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Permanent link (DOI): https://doi.org/10.7939/R34G8Z

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The Effect of Exercise Intensity on Post Exercise Hexose Absorption Open Access

Descriptions

Other title
Subject/Keyword
Absorption
Exercise
Type of item
Thesis
Degree grantor
University of Alberta
Author or creator
Howard, Jason
Supervisor and department
Boule, Normand (Physical Education and Recreation)
Examining committee member and department
Harber, Vicki (Physical Education and Recreation)
Cheeseman, Chris (Physiology)
Department
Physical Education and Recreation
Specialization

Date accepted
2010-04-14T20:37:23Z
Graduation date
2010-06
Degree
Master of Science
Degree level
Master's
Abstract
The effects of exercise intensity on post-exercise measures of intestinal permeability and absorption in sedentary and in active young men were examined in this study. Measures were compared bewteen rest, low intensity and high intensity interval exercise interventions. In spite of the exercise interventions being matched for work output, the high intensity interval intervention caused an increase in blood lactate and respiratory exchange ratio during the performance of exercise. No between intervention effect was found in hexose absorption. Active individuals had greater passive transcellular absorption (as measured with mannitol) than sedentary individuals after 2 hours of measurement. Significant differences in hunger measures were found between sedentary and active participants, with active participants recording increased measures of hunger. In conclusion, the hypothesis that that exercise intensity modulates post-exercise hexose absorption was not confirmed. However, measures of intestinal permeability suggest differences in digestive tract function may exist between sedentary and active individuals.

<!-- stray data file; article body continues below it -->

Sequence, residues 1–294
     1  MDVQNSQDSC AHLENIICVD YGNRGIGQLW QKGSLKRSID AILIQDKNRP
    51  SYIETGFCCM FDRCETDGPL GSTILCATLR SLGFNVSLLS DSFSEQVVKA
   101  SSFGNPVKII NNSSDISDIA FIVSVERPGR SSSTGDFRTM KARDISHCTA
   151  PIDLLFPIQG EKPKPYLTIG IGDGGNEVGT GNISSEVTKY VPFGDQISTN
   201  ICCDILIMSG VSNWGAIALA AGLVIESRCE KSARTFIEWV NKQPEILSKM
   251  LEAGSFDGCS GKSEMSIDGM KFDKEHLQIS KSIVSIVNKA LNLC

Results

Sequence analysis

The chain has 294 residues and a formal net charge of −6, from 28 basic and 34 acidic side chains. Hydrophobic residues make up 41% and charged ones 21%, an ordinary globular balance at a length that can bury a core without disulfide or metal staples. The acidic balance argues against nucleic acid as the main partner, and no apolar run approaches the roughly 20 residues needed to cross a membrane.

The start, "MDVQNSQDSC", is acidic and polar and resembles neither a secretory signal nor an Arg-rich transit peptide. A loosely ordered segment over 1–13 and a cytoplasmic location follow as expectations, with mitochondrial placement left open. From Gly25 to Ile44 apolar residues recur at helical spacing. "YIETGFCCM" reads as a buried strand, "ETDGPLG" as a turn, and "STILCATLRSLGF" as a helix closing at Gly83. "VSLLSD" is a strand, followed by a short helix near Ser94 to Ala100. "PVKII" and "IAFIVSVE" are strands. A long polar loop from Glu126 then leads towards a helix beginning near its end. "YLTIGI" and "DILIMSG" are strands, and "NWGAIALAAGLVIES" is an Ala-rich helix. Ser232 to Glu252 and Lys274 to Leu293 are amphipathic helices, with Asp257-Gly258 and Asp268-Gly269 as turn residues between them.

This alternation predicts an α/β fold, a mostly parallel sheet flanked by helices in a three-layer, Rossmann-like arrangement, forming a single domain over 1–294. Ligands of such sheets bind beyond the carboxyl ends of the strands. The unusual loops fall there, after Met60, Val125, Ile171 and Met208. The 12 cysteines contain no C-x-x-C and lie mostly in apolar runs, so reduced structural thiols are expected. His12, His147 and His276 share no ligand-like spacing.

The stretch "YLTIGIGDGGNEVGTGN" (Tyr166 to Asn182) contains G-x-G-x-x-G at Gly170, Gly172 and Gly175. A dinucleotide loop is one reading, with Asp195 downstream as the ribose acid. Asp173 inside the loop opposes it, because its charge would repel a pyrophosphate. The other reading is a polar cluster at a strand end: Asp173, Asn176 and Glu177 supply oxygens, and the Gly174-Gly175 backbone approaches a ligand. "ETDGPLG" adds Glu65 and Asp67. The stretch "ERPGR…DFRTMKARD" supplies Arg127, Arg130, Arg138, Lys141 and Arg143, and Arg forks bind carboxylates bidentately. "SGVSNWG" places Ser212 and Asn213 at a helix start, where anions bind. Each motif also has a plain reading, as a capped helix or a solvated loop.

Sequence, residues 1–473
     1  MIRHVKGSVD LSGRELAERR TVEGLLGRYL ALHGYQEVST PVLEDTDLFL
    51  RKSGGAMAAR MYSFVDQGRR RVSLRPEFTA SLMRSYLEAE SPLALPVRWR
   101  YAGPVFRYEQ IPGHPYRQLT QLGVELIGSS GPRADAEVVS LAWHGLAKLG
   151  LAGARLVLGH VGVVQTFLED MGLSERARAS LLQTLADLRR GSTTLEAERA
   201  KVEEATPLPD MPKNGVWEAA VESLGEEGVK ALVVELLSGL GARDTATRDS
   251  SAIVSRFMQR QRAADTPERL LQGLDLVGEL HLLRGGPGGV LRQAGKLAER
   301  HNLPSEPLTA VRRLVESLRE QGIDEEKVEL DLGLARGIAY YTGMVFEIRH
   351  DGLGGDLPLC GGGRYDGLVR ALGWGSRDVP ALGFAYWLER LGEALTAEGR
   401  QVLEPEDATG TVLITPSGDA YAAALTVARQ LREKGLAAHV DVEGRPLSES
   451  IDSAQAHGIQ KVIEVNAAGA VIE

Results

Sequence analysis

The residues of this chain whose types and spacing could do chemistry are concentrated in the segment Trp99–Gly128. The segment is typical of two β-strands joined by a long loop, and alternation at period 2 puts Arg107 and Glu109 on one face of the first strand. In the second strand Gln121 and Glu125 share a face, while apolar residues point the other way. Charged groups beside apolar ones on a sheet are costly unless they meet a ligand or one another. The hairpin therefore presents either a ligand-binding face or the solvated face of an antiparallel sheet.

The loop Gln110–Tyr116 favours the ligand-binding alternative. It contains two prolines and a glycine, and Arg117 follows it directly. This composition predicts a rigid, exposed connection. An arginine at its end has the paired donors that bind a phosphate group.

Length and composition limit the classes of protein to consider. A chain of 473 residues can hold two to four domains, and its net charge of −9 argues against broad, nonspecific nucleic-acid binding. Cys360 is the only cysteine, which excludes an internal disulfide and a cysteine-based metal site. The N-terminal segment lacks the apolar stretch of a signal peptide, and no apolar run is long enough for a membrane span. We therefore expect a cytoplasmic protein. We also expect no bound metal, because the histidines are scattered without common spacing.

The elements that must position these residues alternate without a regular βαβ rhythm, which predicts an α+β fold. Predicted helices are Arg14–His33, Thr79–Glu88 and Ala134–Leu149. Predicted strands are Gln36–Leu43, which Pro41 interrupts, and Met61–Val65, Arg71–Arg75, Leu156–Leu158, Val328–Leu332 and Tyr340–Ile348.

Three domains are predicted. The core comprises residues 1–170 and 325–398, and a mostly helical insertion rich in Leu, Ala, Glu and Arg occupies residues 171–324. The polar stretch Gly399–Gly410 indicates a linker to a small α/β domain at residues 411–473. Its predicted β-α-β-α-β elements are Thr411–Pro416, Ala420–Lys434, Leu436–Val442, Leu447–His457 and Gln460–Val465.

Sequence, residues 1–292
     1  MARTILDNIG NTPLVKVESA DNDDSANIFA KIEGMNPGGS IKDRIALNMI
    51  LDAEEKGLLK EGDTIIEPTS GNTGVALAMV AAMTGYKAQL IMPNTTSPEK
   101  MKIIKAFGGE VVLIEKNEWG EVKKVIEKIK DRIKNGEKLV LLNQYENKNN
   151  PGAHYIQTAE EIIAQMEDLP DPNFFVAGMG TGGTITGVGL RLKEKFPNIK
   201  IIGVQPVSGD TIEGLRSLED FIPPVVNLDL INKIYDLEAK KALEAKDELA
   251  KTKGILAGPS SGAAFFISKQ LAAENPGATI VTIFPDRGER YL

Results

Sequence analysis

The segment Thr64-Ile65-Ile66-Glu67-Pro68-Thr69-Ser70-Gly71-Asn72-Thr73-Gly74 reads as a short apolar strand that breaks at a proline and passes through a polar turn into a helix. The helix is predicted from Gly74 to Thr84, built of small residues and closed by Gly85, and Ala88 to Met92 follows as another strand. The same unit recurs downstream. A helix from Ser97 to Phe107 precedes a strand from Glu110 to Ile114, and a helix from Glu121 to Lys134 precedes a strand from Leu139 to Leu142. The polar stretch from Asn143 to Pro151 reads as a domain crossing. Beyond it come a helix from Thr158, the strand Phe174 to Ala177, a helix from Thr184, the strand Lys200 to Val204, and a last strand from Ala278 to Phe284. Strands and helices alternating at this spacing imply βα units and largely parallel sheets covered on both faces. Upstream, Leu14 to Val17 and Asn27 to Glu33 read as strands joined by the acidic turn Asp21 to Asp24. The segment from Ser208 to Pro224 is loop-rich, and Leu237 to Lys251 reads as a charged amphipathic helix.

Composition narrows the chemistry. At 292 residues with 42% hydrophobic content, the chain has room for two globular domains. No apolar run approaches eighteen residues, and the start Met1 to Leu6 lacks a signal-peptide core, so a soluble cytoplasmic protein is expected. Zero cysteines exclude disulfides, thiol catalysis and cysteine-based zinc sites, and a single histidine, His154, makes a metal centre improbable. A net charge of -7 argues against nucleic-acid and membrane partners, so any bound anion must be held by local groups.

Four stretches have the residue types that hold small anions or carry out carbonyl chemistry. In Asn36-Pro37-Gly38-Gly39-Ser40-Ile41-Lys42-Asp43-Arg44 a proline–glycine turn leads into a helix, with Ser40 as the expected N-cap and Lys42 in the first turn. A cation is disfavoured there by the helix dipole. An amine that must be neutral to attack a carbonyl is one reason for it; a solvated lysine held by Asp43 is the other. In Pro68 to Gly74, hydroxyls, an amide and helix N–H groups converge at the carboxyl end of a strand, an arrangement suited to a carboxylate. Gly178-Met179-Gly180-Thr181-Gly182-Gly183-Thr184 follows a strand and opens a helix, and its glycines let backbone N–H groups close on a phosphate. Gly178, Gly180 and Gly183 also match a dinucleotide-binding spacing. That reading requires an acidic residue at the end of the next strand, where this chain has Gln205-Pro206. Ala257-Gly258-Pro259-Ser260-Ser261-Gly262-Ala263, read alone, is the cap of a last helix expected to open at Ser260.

Language
English
DOI
doi:10.7939/R34G8Z
Rights
License granted by Jason Howard (jmhoward@ualberta.ca) on 2010-04-14 (GMT): Permission is hereby granted to the University of Alberta Libraries to reproduce single copies of this thesis and to lend or sell such copies for private, scholarly or scientific research purposes only. Where the thesis is converted to, or otherwise made available in digital form, the University of Alberta will advise potential users of the thesis of the above terms. The author reserves all other publication and other rights in association with the copyright in the thesis, and except as herein provided, neither the thesis nor any substantial portion thereof may be printed or otherwise reproduced in any material form whatsoever without the author's prior written permission.
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